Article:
Thursday, September 3, 2009

DEAD END ROAD by Richard Wink

Some books have atmosphere. As if a collection of poems could be wrapped in fog, sun, pain, etc. This was my first impression of Richard Wink's new work, there is an atmosphere here. I couldn't put my finger on what it was and to be honest, it took me a while until I could get a grip on it. I think I had a hard time placing it, because this work is delicate. It has a quiet sensibility who's richness and finer points blend into the grey of the English backdrop from which he carefully pulls his punches. Many of the poems are observational, people eating sausage-rolls, mothers smoking over their children, old people scared of life around them, these poems have real texture. And then, planted like rocks in a gently undulating field, there is a real glimpse into Richard himself. A poem about a love, about a sadness, about a dodgy summer job. These vignettes reflect the personality of the author and are handholds throughout the book. They give the reader a geographical hard point amidst the East Anglian verse that rolls, and rolls, and rolls.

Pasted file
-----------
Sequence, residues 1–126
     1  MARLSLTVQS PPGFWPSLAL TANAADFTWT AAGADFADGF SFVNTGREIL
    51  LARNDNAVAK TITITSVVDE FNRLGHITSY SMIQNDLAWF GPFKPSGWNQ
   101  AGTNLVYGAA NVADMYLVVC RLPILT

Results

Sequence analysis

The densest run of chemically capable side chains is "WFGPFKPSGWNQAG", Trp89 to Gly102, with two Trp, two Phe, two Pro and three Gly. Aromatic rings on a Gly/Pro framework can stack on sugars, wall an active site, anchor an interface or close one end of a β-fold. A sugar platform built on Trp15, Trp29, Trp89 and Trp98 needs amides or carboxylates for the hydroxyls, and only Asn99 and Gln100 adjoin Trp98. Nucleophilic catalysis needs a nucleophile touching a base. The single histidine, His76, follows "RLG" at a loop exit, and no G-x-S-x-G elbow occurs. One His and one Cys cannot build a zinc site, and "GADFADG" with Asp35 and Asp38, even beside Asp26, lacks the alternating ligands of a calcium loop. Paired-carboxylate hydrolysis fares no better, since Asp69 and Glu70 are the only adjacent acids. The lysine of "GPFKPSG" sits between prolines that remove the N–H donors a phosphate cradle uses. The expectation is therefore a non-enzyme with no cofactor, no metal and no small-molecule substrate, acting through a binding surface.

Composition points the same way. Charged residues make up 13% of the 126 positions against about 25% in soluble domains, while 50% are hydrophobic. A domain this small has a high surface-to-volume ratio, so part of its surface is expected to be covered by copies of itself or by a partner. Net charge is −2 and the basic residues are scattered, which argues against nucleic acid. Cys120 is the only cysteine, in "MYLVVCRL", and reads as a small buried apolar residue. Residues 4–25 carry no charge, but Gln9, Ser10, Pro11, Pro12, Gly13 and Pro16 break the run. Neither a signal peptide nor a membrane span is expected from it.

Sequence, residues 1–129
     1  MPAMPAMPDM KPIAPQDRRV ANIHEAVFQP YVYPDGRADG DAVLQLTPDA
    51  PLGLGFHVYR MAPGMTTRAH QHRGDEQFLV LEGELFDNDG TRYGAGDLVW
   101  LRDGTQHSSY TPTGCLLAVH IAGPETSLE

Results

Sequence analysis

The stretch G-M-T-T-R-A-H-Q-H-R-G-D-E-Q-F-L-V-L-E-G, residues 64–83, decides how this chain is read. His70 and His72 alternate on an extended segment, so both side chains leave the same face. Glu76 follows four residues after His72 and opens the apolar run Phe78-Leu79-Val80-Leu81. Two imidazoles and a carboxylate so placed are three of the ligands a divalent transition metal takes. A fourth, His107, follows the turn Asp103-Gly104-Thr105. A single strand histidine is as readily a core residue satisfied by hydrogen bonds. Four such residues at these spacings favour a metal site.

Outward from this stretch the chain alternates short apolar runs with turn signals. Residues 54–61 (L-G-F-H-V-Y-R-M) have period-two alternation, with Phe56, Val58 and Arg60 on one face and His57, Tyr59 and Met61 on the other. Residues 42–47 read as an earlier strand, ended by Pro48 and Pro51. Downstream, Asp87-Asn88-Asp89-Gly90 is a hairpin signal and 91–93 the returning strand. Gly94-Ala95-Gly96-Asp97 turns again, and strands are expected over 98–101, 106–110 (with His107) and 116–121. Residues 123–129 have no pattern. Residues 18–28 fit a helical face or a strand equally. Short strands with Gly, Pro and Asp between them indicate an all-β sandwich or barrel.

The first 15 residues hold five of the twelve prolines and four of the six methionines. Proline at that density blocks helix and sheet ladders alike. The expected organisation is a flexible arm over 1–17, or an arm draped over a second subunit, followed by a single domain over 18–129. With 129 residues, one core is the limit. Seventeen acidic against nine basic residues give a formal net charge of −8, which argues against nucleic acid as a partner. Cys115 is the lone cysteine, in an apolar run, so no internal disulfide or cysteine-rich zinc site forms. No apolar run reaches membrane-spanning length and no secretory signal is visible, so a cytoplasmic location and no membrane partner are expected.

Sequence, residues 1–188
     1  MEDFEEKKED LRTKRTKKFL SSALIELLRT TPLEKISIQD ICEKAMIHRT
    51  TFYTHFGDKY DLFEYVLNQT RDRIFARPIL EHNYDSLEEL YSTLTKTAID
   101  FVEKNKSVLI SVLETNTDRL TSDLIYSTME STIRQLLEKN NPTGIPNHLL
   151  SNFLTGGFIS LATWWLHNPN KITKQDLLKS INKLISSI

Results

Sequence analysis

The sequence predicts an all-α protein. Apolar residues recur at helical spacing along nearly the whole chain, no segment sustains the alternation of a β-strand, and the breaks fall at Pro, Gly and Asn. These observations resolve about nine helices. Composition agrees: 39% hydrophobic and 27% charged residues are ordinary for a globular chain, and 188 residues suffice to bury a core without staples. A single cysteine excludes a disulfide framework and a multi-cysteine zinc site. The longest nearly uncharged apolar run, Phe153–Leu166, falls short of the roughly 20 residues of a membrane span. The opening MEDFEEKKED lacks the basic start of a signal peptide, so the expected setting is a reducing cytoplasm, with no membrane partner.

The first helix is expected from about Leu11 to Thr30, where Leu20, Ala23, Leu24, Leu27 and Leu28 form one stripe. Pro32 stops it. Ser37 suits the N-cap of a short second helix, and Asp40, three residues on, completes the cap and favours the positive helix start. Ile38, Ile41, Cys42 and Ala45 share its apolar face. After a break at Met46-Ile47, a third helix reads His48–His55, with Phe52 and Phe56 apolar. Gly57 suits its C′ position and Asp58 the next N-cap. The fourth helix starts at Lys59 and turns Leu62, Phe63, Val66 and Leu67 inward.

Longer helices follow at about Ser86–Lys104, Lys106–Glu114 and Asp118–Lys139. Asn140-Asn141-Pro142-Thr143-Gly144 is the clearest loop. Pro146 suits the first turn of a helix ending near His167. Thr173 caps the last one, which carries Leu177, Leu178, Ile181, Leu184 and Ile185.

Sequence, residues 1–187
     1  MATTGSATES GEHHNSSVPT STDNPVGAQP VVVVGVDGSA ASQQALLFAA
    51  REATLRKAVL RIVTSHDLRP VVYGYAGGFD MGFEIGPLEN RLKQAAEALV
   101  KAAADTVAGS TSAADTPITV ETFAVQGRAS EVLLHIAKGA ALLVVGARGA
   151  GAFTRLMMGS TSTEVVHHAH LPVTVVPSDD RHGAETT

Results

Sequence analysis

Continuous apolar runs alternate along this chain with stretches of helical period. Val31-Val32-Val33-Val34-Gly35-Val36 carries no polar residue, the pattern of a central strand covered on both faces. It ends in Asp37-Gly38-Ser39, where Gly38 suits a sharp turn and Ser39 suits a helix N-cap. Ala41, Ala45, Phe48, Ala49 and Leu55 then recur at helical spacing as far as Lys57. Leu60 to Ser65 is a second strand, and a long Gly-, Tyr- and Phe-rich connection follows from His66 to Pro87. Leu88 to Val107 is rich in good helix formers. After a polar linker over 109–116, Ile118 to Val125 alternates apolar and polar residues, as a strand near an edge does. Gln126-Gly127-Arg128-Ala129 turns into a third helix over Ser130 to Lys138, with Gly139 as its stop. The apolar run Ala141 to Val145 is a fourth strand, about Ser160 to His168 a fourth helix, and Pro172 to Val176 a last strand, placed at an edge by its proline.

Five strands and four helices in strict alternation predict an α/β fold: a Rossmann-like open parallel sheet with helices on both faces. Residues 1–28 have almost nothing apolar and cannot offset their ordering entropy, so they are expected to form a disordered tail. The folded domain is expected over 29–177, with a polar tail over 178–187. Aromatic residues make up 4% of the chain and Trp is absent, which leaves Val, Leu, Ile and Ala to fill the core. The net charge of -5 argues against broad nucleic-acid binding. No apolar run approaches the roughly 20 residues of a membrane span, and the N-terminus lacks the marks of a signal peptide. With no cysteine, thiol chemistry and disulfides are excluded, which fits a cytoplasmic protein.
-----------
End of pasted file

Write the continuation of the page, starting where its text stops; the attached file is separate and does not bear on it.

Richard's book is best read slow, listening to it's quiet observations and looking into the words. Nothing will hit you over the head in this book, but if you reach your hand in just that little bit further, into the poems, you might just get bitten, in the good, do that again kind of way.

Opinion: Good Read

-reviewed by GJ

126 pages
Perfect Bound
Be Write Books

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